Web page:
By Jacqueline Quynh

DENVER (CBS4) – The push to end racism and police brutality stretched from Aurora to Denver on Sunday, with nearly 500 people joining in support.



”Our people will not be murdered in vain,” a speaker shouted to the crowd before the march began.



(credit: CBS)

This is not the first time, and it won’t be the last call to fight for better treatment and to change police policy. Some say it’s just getting refueled after a march in Washington D.C. commemorated the “I Have a Dream speech” given by Dr. Martin Luther King Jr.


”People are still getting murdered, just murdered on camera,” De’Von Bailey’s cousin said.



The family of De’Von Bailey was one of several families who shared how their loved ones died at the hands of police.

 “And it’s to the point where they don’t care.”



Many of those marching were calling for “Justice for Elijah McClain,” as well as other names who suffered or died through an encounter with police.

(credit: CBS)

People like Veriona Marze marched for justice and police reform.



”I grew up in Aurora and I want to throw my support because I am young, I’m starting to raise children and I don’t want them to go through these things,” Marze said.



Things like the recent shooting in Kenosha, Wisconsin, that has sparked protests across the country.



”That guy that got shot 7 times in that back. This stuff keeps happening,” she added.



Marze says she will use her voice and march alongside others, but people need to do more for change.



”I hope these people show up and vote, at their jobs they speak up for the people of color, they put their lives on the line, and I stay as safe as I can.”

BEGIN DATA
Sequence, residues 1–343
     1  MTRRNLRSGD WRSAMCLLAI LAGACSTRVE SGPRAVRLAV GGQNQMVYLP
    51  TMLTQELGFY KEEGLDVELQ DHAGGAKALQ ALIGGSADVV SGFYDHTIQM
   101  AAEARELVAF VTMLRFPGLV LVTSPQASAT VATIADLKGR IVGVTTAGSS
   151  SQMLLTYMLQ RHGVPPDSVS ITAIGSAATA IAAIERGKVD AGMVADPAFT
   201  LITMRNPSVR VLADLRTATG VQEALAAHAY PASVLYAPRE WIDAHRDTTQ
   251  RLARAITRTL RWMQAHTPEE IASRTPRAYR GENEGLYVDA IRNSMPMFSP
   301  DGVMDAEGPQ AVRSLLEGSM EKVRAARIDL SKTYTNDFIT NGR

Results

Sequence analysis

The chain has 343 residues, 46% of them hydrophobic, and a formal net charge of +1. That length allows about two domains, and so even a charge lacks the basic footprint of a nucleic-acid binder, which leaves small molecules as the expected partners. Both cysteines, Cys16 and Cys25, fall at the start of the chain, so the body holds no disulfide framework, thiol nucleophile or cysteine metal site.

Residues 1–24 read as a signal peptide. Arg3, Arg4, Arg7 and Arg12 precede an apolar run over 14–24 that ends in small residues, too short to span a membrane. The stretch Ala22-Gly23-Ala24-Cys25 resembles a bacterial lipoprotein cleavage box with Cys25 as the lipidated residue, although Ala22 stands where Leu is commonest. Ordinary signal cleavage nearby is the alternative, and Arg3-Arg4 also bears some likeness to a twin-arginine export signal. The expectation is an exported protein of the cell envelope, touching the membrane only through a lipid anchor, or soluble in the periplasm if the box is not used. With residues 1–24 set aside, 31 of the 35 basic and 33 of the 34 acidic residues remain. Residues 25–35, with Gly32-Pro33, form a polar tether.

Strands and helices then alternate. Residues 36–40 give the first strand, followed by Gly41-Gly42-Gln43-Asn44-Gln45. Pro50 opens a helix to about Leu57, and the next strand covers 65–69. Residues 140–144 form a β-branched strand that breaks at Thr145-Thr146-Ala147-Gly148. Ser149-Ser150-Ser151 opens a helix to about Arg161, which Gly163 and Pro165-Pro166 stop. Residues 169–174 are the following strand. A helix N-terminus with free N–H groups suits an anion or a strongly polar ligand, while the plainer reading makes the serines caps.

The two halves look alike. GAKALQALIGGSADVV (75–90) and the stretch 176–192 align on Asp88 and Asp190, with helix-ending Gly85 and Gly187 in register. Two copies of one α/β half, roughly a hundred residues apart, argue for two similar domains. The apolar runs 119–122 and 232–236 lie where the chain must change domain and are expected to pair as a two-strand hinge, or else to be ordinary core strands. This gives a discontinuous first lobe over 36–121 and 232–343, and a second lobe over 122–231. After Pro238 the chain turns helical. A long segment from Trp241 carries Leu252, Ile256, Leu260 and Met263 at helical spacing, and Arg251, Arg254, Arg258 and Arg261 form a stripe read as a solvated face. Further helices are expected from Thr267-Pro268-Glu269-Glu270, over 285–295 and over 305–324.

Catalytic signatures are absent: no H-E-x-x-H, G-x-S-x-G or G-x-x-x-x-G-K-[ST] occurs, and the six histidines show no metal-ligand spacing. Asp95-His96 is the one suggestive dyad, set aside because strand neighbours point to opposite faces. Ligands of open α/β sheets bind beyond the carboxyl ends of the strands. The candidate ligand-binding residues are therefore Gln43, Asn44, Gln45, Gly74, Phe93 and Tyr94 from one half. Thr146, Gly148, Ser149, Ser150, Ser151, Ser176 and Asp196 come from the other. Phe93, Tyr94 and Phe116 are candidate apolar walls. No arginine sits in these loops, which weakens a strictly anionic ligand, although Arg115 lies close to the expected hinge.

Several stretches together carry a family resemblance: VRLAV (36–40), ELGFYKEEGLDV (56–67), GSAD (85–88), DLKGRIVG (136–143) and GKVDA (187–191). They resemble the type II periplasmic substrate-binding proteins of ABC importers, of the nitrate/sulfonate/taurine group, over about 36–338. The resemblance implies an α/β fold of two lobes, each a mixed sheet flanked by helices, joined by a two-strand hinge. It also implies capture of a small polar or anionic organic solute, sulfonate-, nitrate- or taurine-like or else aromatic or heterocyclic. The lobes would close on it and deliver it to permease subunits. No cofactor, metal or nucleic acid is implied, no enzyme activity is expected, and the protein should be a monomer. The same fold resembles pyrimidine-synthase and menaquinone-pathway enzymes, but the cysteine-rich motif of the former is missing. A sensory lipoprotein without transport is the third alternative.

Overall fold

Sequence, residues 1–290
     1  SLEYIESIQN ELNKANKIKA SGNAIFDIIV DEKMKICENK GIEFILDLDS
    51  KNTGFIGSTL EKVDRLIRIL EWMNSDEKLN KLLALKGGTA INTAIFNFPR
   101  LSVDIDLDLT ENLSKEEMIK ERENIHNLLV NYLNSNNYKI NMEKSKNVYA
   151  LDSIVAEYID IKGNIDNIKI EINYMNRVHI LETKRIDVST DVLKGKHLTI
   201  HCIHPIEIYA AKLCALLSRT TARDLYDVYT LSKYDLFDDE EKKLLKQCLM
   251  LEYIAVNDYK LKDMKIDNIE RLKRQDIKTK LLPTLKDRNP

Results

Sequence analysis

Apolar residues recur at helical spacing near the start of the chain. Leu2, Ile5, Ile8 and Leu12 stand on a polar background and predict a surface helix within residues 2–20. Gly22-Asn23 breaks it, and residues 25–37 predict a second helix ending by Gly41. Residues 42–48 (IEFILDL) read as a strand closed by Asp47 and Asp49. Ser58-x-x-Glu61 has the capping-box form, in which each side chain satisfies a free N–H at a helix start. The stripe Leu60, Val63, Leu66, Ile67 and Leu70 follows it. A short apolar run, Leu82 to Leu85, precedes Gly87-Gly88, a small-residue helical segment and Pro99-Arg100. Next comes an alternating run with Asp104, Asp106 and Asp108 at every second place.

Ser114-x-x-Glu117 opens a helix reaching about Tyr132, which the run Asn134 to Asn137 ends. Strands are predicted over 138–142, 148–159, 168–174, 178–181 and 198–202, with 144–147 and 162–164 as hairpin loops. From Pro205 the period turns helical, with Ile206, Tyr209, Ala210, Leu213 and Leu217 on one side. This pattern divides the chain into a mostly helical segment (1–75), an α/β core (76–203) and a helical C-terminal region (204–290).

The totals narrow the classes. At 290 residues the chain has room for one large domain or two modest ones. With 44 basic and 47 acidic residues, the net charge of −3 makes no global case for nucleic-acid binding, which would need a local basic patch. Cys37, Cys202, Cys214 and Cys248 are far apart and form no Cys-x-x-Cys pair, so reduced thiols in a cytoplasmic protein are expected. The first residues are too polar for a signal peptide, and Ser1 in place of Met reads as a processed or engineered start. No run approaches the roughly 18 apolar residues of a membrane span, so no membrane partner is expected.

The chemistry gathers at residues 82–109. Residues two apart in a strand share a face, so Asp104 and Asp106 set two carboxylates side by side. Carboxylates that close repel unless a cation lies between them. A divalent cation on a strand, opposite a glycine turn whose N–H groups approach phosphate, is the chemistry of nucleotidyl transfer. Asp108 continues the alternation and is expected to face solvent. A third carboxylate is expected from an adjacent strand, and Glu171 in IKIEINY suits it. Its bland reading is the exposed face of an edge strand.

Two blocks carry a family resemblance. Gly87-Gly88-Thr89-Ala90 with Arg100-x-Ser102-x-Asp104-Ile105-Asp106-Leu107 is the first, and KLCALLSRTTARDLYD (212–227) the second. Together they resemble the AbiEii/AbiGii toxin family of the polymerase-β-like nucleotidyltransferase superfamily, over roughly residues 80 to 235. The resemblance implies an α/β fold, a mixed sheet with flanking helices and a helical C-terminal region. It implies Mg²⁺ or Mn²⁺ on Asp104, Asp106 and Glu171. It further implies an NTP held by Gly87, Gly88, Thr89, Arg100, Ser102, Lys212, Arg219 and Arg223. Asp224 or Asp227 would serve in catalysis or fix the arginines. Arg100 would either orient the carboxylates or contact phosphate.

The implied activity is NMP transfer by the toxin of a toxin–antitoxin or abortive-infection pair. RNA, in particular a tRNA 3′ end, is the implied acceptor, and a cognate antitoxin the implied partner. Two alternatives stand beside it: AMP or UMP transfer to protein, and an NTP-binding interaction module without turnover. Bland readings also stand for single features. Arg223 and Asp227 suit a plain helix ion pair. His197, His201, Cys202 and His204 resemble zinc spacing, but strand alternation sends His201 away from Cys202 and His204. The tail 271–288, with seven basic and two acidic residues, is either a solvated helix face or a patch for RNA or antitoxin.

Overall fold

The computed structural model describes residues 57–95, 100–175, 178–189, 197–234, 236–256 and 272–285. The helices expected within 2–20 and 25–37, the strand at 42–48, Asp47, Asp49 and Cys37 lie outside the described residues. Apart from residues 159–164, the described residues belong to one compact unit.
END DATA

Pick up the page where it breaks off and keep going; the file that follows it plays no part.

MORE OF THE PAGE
The march began at the Dr. Martin Luther King Jr. Library in Aurora and ended at the Dr. Martin Luther King Jr. statue in Denver’s City Park.


Jacqueline Quynh

Comments (2)
  1. Linda says:

    How about a march to teach your children how to interact with police. How to not freak out and become so hysterical they have to be sedated. How to not reach for weapons? How to obey lawful commands? I’m white, from a white middle class town and my father taught me how to act if i was stopped by police. It used to be common sense. Now it’s racism. How about teaching your kids not to be criminals. Don’t money launder for your drug dealing boyfriend. Don’t rape 14 year old girls and violate your probation. Don’t ignore your warrants. Better yet, don’t even have warrants. People don’t want equality. They want all their misdeeds ignored. Many of the deeds attributed to racism happen to all races. But it’s okay for whites to be victims of crimes against them.

  2. TomTancredoFan says:

    OBLM. Only black lives matter. Over twice as many unarmed whites killed by police last year. Names and murals for them? OBLM.

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